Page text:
All of these scenes indicate that there might be little more than nothing after life. This poem allows us to see that Dickinson was not happy with accepting the traditional attitudes toward death and dying.

Another poem that examines death is "The Bustle in the House." Again, we see death is uneventful. Elizabeth Piedmont-Marton claims that in Dickinson's poetry, "the moment of death seems often less momentous than ordinary" (Piedmont-Marton) and it is "one of the most disturbing and powerful characteristics of Dickinson's poems" (Piedmont-Marton). "The Bustle in the House," demonstrates this assertion very well with its idea of humanity continuing to get along with the "industries" (the Bustle in the House 3) of life after a loved one dies. The heart of the dead is swept up (4), making it seem like the process of death needs a clean sweep and that is it. Mourning is nothing more than…… [Read More]

Works Cited

Dickinson, Emily. "Because I Could Not Stop for Death." The Compact Bedford Introduction to Literature: Reading, Thinking, Writing. 8th edition. Boston: Bedford/St. Martin's Press. 2009.

Heard a Fly Buzz When I Died." The Compact Bedford Introduction to Literature: Reading, Thinking, Writing. 8th edition. Boston: Bedford/St. Martin's Press. 2009.

Some keep the Sabbath going to Church." The Compact Bedford Introduction to Literature: Reading, Thinking, Writing. 8th edition. Boston: Bedford/St. Martin's Press. 2009.

Tell All the Truth but Tell it Slant. " the Compact Bedford Introduction to Literature: Reading, Thinking, Writing. 8th edition. Boston: Bedford/St. Martin's Press. 2009.
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The Fear of Death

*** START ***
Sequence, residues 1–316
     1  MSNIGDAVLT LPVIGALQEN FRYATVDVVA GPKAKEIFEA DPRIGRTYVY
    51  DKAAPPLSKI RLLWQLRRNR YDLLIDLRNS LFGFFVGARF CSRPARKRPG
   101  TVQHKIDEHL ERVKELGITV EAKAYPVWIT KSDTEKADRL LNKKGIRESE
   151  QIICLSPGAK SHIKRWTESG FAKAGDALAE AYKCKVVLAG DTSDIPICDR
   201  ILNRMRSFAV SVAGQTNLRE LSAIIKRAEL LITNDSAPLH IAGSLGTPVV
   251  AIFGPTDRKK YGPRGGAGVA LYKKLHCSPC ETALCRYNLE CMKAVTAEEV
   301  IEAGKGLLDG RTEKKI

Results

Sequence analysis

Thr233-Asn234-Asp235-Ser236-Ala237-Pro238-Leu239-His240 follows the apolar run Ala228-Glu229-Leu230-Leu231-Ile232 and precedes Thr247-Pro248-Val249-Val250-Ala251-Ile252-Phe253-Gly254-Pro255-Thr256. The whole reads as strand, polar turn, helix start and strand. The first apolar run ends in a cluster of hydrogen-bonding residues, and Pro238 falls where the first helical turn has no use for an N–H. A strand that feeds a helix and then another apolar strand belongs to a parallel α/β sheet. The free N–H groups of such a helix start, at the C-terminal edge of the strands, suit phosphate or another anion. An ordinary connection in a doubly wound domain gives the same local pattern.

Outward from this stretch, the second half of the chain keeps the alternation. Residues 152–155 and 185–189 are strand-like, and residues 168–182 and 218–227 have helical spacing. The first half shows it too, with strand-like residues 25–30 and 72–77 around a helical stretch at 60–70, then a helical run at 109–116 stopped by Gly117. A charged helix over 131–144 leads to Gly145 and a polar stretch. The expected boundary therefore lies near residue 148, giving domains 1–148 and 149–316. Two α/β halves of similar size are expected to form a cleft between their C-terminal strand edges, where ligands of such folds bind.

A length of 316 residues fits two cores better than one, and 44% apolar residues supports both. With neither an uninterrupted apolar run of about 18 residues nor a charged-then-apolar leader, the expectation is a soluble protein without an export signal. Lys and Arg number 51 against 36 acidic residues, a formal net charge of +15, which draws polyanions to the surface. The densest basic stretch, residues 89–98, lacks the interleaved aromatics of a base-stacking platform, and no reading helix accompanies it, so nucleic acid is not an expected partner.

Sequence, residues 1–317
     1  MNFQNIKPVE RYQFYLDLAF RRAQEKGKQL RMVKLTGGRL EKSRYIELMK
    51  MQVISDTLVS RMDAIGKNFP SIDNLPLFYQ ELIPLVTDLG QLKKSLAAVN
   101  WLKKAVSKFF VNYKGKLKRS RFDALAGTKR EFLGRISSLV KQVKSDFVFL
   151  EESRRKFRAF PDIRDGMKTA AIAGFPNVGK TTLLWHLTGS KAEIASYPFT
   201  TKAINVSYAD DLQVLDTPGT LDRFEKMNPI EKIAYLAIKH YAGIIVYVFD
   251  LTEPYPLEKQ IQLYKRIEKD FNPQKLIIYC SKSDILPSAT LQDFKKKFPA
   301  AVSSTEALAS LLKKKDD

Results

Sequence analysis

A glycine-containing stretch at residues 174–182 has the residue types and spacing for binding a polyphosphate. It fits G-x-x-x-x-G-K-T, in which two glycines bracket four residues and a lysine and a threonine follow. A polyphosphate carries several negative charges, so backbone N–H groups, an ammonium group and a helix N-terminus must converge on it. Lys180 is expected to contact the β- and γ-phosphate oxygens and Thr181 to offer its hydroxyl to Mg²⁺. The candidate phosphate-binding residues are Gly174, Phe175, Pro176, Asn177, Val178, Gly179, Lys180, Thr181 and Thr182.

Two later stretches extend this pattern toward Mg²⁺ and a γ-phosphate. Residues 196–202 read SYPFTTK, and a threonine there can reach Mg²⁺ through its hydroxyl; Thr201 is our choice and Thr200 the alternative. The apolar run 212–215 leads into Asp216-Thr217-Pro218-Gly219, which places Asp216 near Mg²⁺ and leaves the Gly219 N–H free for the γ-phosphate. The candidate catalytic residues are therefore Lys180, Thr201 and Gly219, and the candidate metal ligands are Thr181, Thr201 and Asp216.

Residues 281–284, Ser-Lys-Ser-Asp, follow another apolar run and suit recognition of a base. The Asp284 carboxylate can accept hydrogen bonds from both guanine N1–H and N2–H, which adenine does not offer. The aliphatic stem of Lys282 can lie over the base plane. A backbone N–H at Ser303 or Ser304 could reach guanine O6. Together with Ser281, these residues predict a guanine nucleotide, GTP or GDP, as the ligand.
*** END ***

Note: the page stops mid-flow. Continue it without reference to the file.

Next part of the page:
Words: 1861 Length: 5 Pages Document Type: Essay Paper #: 58927492

Fear of death is typically referred to by researchers as death anxiety. The phenomenon has been split into several categories. There is the fear of pain, the fear of the unknown, the fear of losing a loved one, and the fear of the consequences that may arise because of the loss of a loved one. The fear of not being able to survive is the prominent one among these fears. Many people are terrified at the fact that death is the end of one's life. Science does not help matters either. It, instead, aggravates the fear. No aspect of science has ever unveiled any element of the human body that can exist long after death. Thus, most scientists view death as biological process. This is the reason that makes many people still fear the consequences of death; even when they are devout religious believers of life after death (Hanson).

Stoicism,…… [Read More]

Works Cited

Hanson, Robin. "Fear of Death and Muddled Thinking -- It Is So Much Worse Than You Think," 2005, http://mason.gmu.edu/~rhanson/feardie.pdf. Accessed 29 Apr. 2017.

Konstan, David. "Epicurus." Stanford Encyclopedia of Philosophy, September 2016, https://plato.stanford.edu/entries/epicurus/. Accessed 29 Apr. 2017.

Lacewing, Michael. "Descartes, the cogito and clear and distinct ideas. " Philosophy for AS: Epistemology and Philosophy of Religion. London and New York: Routledge, 2014. 106-117.

Robertson, Donald. "Stoicism and the Art of Happiness." London: Hodder & Stoughton General Division, 2014.
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Death I Do Not Believe

Words: 658 Length: 2 Pages Document Type: Essay Paper #: 25439252

I do believe, therefore, that the Harvard criteria for determining brain death are a very important component of making decisions that affect individuals and families at the end of their lives.

When the EEG criteria are applied, for example, it might affect a family's decision to terminate artificial means of keeping a person alive, since there is no hope of revival. It could also affect the decision to donate organs.

ne thing I found quite surprising was that the concept of "brain death" only became an official diagnostic category in 1981. The term has been used so often that it feels almost like it has been in existence for far longer than this. Still, I think I find it quite comforting that there are criteria to determine whether a person has indeed completely died, or whether the end of brain function could be recovered after ceasing because of drugs or…… [Read More]